As a guy who throws parties for a living, managing my drinking has been a tough process. Parties are fun, but they can also get physically and mentally draining. Drinks used to help me get through back to back parties, but now I’m conscious about how much I drink. I feel like it’s the best move for me right now.
Love that for you. Can you speak on your experience navigating masculinity as a Nigerian man.
Fragile masculinity is common among Nigerian men and it’s something I’ve had to unlearn over time. I used to be very homophobic because society had conditioned me into believing it was wrong for a man to like another man. I’ve moved past it now, and most people would even say I do too much.
LOL. Yes. I’m always hugging and pecking my friends and most of them are just getting used to it. I remember pecking one of my guys once and in a reflex move, he hit my hand and I smashed my phone. Men aren’t used to intimacy with one another the way women are. Women are comfortable with their bodies. I’m not saying we should go around grabbing one another, but we can learn something from that freedom women have.
It’s not that deep.
Has anything ever threatened your masculinity?
There used to be a time when hearing statements like, “but you’re a man”, used to make me do things, even if I didn’t want to. I was trying to prove myself back then, but now I’ve gotten over that shit. If you tell me to do something, “because I’m a man”, chances are, I’ll be more gingered to turn you down.
Are there men in your life you’d consider role models for what it means to be a man?
No. I’ve had a situation where I respected and looked up to people only to be disappointed by their actions down the line. Human beings can and will disappoint you. I want to be my own person.
Don’t you think having flaws is what makes us human?
I get that. But it can be a hard and painful blow when someone you respect falls your hand. I used to really love and admire John Terry the footballer, only to learn later on that he was a racist. That was really disappointing for me.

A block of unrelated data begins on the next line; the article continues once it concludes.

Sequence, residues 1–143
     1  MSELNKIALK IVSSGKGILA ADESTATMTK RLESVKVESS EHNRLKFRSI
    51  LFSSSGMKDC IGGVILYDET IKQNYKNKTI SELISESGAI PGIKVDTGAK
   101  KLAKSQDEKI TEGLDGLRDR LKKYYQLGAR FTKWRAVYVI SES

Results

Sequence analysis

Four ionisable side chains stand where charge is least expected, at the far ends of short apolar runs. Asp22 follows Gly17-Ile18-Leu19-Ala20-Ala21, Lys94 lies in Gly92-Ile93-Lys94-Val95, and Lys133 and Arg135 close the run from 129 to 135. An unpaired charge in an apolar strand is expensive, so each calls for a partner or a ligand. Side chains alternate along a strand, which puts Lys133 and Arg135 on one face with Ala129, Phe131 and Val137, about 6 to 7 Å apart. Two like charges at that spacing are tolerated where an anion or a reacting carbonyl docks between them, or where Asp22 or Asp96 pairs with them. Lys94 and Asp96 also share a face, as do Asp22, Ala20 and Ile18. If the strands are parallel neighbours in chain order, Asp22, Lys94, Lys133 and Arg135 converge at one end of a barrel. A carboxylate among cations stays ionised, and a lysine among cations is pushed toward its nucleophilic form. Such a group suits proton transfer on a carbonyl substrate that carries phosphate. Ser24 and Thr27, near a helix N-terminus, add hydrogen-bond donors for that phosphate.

I feel you. Can you talk to me about moments where you’ve been disappointed in yourself as well?
Damn. When I was younger and just getting on the internet, I didn’t see male sexual assault as a big deal. To me, I thought, “It’s just sex, who wouldn’t want that?” Thinking about it now, I realise I was ignorant. Why would I want something that traumatic to happen to me or anyone? This also goes back to some of the things I’ve learnt since I started listening to women, because I learnt most of these nuances from them.
Another incident I deeply regret was a mistake I made at university. My friends and I had gone out with an older guy who had more money for a night on the town. While we were hanging out, he asked if we could introduce him to any girl in our school and we did. That was my first mistake, handing a girl over to another guy like a pimp.
The next day, this guy tells us that after the girl refused to have sex with him, he refused to let her sleep on his bed. Basically, this girl had to stand in a corner all night.
Yes. The worst part is I just laughed her situation off like it wasn’t a big deal. I look back at that moment and understand how unfair and depressing that situation must’ve been for her. It was messed up.
I wish I’d been more vocal about it. I should’ve found her and apologised, but I didn’t. Instead, I acted like it never happened. You know what? I’m going to give her a call soon.
You should. But that’s a really messed up story.
It is. I was young and I made a mistake I deeply regret. However, what worries me today are the people who defend sexual assault in big 2022. I’m like where can we go from here? We have women suffering just because men don’t want to do better.
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But do you now hold the men in your life accountable?
I want to say I’m grateful that the men in my circle don’t do things like this, but omo, as I said before, human beings can surprise you. For now, I’m surrounded by men who understand the importance of equality and respect for women. That being said, I’m also at a stage in my life where if someone says or does rubbish, I will correct or cut them off. No time.
I support this movement. Let’s shift to good vibes. What brings you joy these days?
My girlfriend is number one. Then there’s my family, friends, working out, getting results in everything I do—and then money; you know money has to be there.
Wait o, while money can bring security and happiness, the love I get from my family and friends is irreplaceable. I’m not saying I’m rich, but when I’m sad, it’s not the money in my account that brings me out of that pit, it’s the people I love. They are what really matter to me.
Cool. So if you could tell a younger version of Chiby something, what would you say?
Chiby, you’ll be fine. Don’t worry. The extra year you had in school is a blessing. The accident you had with the car, I know it’s depressing, but it’s a learning curve for you. You’ll do better. Trust me; you’ll be fine. By the way, you’ll have the prettiest girlfriend ever.
Who’s cutting onions?
Editor’s Note: After this interview, Chiby worked on his first poem in years. It’s a work in progress but he’s just happy to be trying again.